nightjet train amsterdam
NightJet train at Amsterdam Central

The Amsterdam-departing train runs via Utrecht, Arnhem, Düsseldorf, Cologne and Frankfurt. It continues to Nuremberg where the train splits into a Munich-bound section (via Augsburg) and a Vienna-bound section via Linz.

The train departs Amsterdam at 1900 and arrives in Vienna at 0917 the next day. From Vienna the nightly train departs at 2010 and arrives the following morning in Amsterdam at 0959. Total journey time is around 14 hours.

One-way tickets prices for NightJet range as follows: €35-€165 for a 2nd class seat; €50-€195 for a couchette bunk (4-6 people); €80-€320 for a sleeper cabin for 1, 2 or 3 people.

Those holding a sleeper ticket may access the ÖBB Lounge in Vienna.

How to book online: Amsterdam-Vienna tickets can be booked at the NS International site. By booking online you avoid any booking fees charged at the international service desks at stations.

2. Amsterdam-Vienna by Air

Flights between Amsterdam Schiphol (AMS) and Vienna International Airport (VIE) take just under 2 hours. This is the quickest way to travel between the 2 cities although travel by train is certainly a more relaxed affair.

Dutch airline KLM (Skyteam) currently flies the Amsterdam-Vienna route up to 4x daily using Boeing 737 aircraft. Prices also start at around €210 return not including checked luggage.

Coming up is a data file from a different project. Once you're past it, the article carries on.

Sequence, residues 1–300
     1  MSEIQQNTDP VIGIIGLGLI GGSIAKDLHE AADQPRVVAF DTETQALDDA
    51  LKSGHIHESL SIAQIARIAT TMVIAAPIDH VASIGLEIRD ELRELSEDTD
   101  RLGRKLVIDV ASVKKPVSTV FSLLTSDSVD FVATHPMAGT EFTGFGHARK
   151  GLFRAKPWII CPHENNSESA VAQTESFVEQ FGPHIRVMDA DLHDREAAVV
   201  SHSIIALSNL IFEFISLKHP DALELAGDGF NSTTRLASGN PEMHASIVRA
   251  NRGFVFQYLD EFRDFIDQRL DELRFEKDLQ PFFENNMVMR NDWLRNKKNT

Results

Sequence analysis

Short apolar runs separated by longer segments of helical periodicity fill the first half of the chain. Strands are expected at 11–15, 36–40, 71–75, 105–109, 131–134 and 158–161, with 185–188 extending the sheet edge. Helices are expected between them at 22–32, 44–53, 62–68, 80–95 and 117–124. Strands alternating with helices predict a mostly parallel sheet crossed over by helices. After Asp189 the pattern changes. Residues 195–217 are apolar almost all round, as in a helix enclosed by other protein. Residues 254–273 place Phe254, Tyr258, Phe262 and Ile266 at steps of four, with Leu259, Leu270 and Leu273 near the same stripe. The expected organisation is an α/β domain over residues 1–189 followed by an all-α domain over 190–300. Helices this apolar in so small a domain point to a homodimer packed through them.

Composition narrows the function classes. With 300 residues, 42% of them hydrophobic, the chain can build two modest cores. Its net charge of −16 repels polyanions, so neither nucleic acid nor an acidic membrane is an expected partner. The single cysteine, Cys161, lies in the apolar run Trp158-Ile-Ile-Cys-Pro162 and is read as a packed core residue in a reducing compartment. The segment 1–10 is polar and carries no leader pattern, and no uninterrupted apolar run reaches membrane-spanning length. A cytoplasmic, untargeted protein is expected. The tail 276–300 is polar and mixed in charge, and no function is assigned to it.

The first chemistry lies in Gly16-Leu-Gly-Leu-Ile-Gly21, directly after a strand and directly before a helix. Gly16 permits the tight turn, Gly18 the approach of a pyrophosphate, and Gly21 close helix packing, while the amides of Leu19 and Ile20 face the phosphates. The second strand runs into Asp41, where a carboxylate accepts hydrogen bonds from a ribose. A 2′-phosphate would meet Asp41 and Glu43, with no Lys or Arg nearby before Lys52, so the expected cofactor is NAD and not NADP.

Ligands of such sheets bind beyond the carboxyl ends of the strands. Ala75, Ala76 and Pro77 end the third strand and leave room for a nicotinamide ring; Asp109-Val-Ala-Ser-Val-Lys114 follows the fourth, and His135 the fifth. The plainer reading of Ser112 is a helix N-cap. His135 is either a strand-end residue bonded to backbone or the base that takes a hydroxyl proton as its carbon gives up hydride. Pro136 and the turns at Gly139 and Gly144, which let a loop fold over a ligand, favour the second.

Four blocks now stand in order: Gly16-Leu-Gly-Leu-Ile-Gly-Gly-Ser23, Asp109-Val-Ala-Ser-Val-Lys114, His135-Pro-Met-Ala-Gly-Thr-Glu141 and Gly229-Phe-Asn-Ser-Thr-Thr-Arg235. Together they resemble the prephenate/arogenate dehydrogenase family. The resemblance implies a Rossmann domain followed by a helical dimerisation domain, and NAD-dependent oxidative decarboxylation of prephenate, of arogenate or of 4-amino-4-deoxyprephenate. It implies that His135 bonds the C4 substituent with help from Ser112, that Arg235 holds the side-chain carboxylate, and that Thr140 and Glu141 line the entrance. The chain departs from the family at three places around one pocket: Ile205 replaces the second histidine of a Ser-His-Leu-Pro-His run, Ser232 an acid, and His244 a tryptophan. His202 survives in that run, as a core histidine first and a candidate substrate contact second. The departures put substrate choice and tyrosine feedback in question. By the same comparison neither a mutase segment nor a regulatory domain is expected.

klm boeing 737 aircraft amsterdam
KLM aircraft at Amsterdam Schiphol airport

Austrian Airlines (Star Alliance) has up to 5x daily non-stop flights between Amsterdam and Vienna using Airbus A320 aircraft. Return sale fares start from around €230 not including checked luggage.

Austria and the Netherlands are both members of the Schengen Zone so it is (normally) not necessary to go through passport control when travelling between Amsterdam and Vienna.

3. Amsterdam-Vienna by Coach

German coach company Flixbus runs up to 1-4x daily direct services between Amsterdam Sloterdijk and Vienna Erdberg. Journey times are around 17 hours – there are also longer trip options which require a connection. Direct singles start from €45.

flixbus at amsterdam sloterdijk
Flixbus stop at Amsterdam Sloterdijk

Amsterdam Resources

Looking for a convenient hotel near Amsterdam Central station? Check out the stylish Kimpton-De Witt which is a short walk from the station. For those on a budget the Ibis Amsterdam Centre is literally on top of the western edge of the station platforms.

The Iamsterdam City Card (1-5 days) offers free entry and discounts to numerous Amsterdam museums and attractions. It also includes a free public transport pass, a canal cruise and bike rental as well. You can order your Iamsterdam City Card online here

Vienna Resources

In Vienna you can book your hotel with Booking.com here. For a selection of tours and attractions in Vienna book with GetYourGuide here

This article was originally published in 2011 and has been continuously updated since then. Last update 7 February 2024.

Links on AmsterdamTips.com may pay us an affiliate commission.